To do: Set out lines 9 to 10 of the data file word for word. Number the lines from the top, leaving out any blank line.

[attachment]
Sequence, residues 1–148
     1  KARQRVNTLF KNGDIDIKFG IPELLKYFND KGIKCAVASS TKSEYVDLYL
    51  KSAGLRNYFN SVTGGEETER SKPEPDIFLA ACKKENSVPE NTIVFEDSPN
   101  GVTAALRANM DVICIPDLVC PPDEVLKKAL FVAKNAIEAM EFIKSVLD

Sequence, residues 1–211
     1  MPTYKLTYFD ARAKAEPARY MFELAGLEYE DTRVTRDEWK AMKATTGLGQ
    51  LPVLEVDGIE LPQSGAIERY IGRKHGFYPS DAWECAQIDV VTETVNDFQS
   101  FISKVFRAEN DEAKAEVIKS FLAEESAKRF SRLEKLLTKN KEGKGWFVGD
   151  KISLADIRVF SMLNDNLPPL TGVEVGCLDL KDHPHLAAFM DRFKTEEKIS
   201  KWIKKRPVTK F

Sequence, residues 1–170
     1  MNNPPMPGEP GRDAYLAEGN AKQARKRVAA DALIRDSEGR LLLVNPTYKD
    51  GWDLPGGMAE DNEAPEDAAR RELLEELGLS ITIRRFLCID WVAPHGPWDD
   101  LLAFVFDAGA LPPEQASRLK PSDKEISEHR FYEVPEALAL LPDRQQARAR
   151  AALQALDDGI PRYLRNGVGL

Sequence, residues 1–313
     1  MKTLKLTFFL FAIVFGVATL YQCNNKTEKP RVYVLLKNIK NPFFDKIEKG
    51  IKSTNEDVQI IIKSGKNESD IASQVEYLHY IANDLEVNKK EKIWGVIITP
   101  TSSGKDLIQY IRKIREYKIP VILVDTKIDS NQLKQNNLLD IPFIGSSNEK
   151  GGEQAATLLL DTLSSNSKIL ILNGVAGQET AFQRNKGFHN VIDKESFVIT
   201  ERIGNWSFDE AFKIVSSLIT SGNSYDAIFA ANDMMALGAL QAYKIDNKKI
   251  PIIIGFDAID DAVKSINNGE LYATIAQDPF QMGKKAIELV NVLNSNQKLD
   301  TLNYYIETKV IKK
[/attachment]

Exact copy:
   151  KISLADIRVF SMLNDNLPPL TGVEVGCLDL KDHPHLAAFM DRFKTEEKIS
   201  KWIKKRPVTK F